Innamorato is an italian word, the correct transcription is with two nn, so innamorato not inamorato. The text seems to be this:
Master of the Art
Who is this music that which description may never justify
Can the ocean be described?
Body of all that is live at the lastingly
Man initiate innamorato
Your music are tomorrows on know none-life
I love tomorrow
But I'm not sure, especially about fathomless, which ironically is perfect for this text.. :D
Innamorato is an italian word, the correct transcription is with two nn, so innamorato not inamorato.
It's a borrowed word. It's borrowed from the italian "innamorato", but in English it is spelled "inamorato" and means "a male lover", as opposed to the more general italian meaning of "lover". This is again one of these annoying borrowed words that change meaning and spelling, which is terribly confusing when you actually know both languages.
Davis had an operation to remove polyps from his larynx in October 1955.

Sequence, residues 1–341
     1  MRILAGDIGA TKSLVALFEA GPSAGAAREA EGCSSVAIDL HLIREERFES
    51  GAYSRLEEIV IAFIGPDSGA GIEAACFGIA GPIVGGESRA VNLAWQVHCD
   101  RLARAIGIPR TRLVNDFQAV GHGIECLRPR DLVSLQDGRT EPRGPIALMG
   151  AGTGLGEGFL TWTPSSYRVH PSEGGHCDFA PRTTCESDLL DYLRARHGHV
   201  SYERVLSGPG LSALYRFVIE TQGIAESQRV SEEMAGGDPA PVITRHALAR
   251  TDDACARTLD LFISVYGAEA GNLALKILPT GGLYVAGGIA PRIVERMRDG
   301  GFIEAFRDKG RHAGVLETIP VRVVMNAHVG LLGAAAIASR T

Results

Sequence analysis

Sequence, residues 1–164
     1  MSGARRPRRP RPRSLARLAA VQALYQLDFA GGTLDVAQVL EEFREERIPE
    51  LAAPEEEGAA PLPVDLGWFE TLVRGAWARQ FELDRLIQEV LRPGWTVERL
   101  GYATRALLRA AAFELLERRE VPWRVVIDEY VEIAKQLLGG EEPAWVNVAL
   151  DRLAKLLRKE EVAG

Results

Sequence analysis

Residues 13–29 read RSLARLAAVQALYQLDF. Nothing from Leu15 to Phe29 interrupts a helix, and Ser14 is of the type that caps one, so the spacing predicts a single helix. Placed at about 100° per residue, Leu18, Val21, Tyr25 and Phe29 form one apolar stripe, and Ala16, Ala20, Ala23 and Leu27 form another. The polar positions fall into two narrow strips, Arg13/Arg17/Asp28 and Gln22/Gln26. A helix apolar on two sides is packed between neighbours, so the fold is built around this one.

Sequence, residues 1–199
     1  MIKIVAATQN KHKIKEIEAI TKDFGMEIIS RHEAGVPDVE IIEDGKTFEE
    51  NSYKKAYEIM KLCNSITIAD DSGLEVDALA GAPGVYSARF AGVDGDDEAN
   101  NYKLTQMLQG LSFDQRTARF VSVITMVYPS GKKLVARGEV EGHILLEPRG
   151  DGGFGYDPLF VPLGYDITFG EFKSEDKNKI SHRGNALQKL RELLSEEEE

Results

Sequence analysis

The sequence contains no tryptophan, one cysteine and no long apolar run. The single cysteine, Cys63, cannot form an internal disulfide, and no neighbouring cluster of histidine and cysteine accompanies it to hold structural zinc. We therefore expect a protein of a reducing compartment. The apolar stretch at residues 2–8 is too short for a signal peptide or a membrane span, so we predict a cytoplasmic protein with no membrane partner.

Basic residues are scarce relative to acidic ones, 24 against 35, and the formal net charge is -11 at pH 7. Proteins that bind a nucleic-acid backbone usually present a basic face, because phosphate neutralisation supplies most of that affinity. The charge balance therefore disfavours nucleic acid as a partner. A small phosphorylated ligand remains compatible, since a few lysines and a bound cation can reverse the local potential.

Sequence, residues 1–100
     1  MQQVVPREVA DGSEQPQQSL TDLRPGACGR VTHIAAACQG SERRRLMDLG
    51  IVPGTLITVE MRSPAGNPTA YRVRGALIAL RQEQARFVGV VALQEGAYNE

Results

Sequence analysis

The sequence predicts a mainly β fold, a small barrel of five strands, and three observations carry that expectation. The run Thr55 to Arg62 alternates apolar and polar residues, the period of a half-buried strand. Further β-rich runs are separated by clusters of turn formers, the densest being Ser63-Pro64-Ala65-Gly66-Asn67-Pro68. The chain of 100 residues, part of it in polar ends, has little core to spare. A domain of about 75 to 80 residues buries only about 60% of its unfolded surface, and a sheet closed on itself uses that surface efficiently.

Even though he was supposed not to speak at all for ten days, he had an
argument with somebody and raised his voice. This outburst damaged his vocal
cords forever, giving him the characteristic raspy voice that came to be
associed with him.
"[...] in February or March 1956, that I had my first
throat operation and had to disband the group while recovering. During the
course of the conversation I raised my voice to make a point and f***ed up
my my voice. I wasn't even supposed to talk for at least ten days, and here
I was not only talking, but talking loudly. After that incident my voice had
this whisper that has been with me ever since".
The "nocturnal" quality of Davis' playing and his somber reputation, along
with his whispering voice, earned him the lasting moniker of "prince of
darkness", adding a patina of mystery to his public persona.
Once, in 80s and at the dawn of perestroika, I got into an American exhibition, in Minsk, at which American students, studying Russian language, were guides there. You know, I was shocked: they spoke Russian absolutely perfectly. No even least accent or confusing of words etc. Sally, when I approached her, asked me: Chto Vam ugodno? (Can I help you?). It's an expression of the tzarism times, but she pronounced it as if she was born in Russia of early 1900s.